7 Student Worksheet: Reflection Complete the reflection questions below: 1. How similar was your original design to the actual insulated cup that you built? What changed? Why? 2. How did your team's temperature variance compare with the rest of the class? 3. If you had a chance to do this project again, what would your team have done differently? 4. What did your graph tell you about the rate of temperature changer for your device? 5. If you could have used one additional component material that was not provided to you which would you choose and why? 6. Did your team make use of any of the things you learned about vacuum flasks in your design? If so, how, and did you think it made a difference? 7. What aspects of other team designs did you find most innovative? Why? Keep it Cool Page 7 of 10

8 K eep it Cool For Teachers: Alignment to Curriculum Frameworks Note: Lesson plans in this series are aligned to one or more of the following sets of standards: U.S. Science Education Standards ( U.S. Next Generation Science Standards ( International Technology Education Association's Standards for Technological Literacy ( U.S. National Council of Teachers of Mathematics' Principles and Standards for School Mathematics ( U.S. Common Core State Standards for Mathematics ( Computer Science Teachers Association K-12 Computer Science Standards ( National Science Education Standards Grades K-4 (ages 4-9) CONTENT STANDARD A: Science as Inquiry As a result of activities, all students should develop Abilities necessary to do scientific inquiry CONTENT STANDARD B: Physical Science As a result of the activities, all students should develop an understanding of Properties of objects and materials Light, heat, electricity, and magnetism CONTENT STANDARD E: Science and Technology As a result of activities, all students should develop Abilities of technological design Understanding about science and technology Abilities to distinguish between natural objects and objects made by humans CONTENT STANDARD F: Science in Personal and Social Perspectives Science and technology in local challenges CONTENT STANDARD G: History and Nature of Science Science as a human endeavor National Science Education Standards Grades 5-8 (ages 10-14) CONTENT STANDARD A: Science as Inquiry As a result of activities, all students should develop Abilities necessary to do scientific inquiry CONTENT STANDARD B: Physical Science As a result of their activities, all students should develop an understanding of Properties and changes of properties in matter Transfer of energy CONTENT STANDARD E: Science and Technology As a result of activities in grades 5-8, all students should develop Abilities of technological design Understandings about science and technology Keep it Cool Page 8 of 10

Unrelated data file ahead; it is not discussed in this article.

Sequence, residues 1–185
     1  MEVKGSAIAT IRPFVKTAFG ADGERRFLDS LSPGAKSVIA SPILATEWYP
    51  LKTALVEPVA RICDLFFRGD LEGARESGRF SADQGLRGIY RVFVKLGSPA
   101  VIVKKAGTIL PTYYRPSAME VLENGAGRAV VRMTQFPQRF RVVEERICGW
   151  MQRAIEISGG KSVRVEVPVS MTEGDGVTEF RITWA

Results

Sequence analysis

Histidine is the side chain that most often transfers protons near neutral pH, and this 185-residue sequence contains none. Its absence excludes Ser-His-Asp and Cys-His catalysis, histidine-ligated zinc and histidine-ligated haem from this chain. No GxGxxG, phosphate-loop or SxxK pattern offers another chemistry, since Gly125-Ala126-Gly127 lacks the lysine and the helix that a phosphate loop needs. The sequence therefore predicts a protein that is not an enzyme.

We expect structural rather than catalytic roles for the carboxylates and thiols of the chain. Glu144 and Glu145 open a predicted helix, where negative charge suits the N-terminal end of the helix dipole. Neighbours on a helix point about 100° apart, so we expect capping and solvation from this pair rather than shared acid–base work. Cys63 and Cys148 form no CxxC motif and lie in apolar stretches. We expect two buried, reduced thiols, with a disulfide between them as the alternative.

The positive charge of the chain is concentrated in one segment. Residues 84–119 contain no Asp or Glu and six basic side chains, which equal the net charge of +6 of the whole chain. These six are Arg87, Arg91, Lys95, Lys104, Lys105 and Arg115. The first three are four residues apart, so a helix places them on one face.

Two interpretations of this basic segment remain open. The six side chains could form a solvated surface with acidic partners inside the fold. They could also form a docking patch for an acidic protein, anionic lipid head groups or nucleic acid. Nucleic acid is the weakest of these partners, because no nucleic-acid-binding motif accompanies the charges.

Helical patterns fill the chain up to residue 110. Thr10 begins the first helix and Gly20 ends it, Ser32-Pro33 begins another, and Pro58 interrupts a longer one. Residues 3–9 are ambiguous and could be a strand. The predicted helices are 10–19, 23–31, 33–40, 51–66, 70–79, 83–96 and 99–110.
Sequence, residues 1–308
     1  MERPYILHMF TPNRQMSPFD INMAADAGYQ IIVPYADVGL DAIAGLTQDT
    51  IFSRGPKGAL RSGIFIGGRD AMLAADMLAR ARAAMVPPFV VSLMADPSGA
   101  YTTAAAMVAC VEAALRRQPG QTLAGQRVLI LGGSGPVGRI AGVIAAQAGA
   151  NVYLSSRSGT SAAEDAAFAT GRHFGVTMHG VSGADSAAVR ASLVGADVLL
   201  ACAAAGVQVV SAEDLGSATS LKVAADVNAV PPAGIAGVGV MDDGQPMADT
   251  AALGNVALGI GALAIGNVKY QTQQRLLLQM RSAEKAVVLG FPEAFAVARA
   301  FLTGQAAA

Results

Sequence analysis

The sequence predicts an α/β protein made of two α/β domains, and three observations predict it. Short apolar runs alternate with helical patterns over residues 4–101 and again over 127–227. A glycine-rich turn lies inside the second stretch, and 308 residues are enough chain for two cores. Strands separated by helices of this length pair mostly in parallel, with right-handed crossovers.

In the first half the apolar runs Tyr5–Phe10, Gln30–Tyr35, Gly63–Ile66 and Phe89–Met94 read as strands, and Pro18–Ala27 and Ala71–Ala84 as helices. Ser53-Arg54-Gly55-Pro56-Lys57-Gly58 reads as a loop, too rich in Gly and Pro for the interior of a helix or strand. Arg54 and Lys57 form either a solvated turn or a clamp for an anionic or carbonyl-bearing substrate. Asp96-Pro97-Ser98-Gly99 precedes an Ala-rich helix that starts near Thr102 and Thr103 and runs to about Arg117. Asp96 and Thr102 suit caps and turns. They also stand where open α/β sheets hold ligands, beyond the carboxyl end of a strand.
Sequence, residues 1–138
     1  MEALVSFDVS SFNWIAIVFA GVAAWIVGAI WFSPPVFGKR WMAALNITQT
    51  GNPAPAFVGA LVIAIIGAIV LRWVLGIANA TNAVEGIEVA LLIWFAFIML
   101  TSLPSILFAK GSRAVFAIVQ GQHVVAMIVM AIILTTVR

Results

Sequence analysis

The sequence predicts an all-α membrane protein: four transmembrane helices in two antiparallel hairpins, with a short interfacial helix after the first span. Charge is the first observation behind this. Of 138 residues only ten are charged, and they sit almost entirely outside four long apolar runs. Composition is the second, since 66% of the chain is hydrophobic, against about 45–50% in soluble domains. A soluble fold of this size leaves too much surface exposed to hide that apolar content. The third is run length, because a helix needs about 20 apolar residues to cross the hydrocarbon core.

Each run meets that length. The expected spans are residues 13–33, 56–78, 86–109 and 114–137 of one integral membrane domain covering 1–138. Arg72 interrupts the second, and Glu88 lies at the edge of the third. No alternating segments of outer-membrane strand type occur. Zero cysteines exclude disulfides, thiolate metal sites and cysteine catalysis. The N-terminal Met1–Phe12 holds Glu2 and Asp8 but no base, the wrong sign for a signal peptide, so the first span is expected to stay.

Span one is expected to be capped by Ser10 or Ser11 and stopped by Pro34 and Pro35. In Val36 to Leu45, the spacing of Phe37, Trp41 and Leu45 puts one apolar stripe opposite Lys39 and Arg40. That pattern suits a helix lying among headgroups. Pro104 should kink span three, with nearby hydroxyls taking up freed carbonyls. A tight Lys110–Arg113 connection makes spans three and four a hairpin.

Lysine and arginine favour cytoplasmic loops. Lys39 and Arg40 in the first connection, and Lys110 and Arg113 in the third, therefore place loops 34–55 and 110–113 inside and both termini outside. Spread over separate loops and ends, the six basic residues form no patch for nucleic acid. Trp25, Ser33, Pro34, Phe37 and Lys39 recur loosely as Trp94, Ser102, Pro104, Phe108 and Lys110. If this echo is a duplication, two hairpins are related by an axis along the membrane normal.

9 For Teachers: Alignment to Curriculum Frameworks (cont.) National Science Education Standards Grades 5-8 (ages 10-14) CONTENT STANDARD F: Science in Personal and Social Perspectives Science and technology in society CONTENT STANDARD G: History and Nature of Science History of science National Science Education Standards Grades 9-12 (ages 14-18) CONTENT STANDARD A: Science as Inquiry As a result of activities, all students should develop Abilities necessary to do scientific inquiry CONTENT STANDARD B: Physical Science As a result of their activities, all students should develop understanding of Structure and properties of matter Conservation of energy and increase in disorder Interactions of energy and matter CONTENT STANDARD E: Science and Technology As a result of activities, all students should develop Abilities of technological design Understandings about science and technology CONTENT STANDARD F: Science in Personal and Social Perspectives Science and technology in local, national, and global challenges CONTENT STANDARD G: History and Nature of Science Historical perspectives Next Generation Science Standards Grades 3-5 (Ages 8-11) Energy MS-PS3-3. Apply scientific principles to design, construct, and test a device that either minimizes or maximizes thermal energy transfer. Engineering Design Students who demonstrate understanding can: 3-5-ETS1-1.Define a simple design problem reflecting a need or a want that includes specified criteria for success and constraints on materials, time, or cost. 3-5-ETS1-2.Generate and compare multiple possible solutions to a problem based on how well each is likely to meet the criteria and constraints of the problem. 3-5-ETS1-3.Plan and carry out fair tests in which variables are controlled and failure points are considered to identify aspects of a model or prototype that can be improved. Keep it Cool Page 9 of 10